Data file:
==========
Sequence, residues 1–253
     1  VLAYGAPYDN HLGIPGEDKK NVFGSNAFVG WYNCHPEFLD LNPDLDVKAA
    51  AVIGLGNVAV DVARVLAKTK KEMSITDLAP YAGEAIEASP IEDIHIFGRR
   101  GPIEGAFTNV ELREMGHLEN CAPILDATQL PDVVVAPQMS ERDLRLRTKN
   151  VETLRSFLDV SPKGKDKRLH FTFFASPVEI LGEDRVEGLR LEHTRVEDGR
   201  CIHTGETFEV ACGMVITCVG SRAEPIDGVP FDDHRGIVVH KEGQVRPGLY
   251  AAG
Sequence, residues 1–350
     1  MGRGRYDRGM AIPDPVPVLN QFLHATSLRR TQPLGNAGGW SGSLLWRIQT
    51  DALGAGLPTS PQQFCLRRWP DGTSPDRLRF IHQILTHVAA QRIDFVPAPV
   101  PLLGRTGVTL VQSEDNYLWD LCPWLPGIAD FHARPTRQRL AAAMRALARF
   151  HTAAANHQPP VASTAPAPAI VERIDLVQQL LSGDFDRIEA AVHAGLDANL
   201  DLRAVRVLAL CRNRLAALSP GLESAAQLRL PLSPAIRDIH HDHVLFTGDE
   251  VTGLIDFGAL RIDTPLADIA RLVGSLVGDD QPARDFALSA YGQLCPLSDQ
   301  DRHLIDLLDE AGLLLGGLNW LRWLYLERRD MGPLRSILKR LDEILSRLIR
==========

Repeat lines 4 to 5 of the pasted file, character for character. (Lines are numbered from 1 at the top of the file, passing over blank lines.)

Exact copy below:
   101  GPIEGAFTNV ELREMGHLEN CAPILDATQL PDVVVAPQMS ERDLRLRTKN
   151  VETLRSFLDV SPKGKDKRLH FTFFASPVEI LGEDRVEGLR LEHTRVEDGR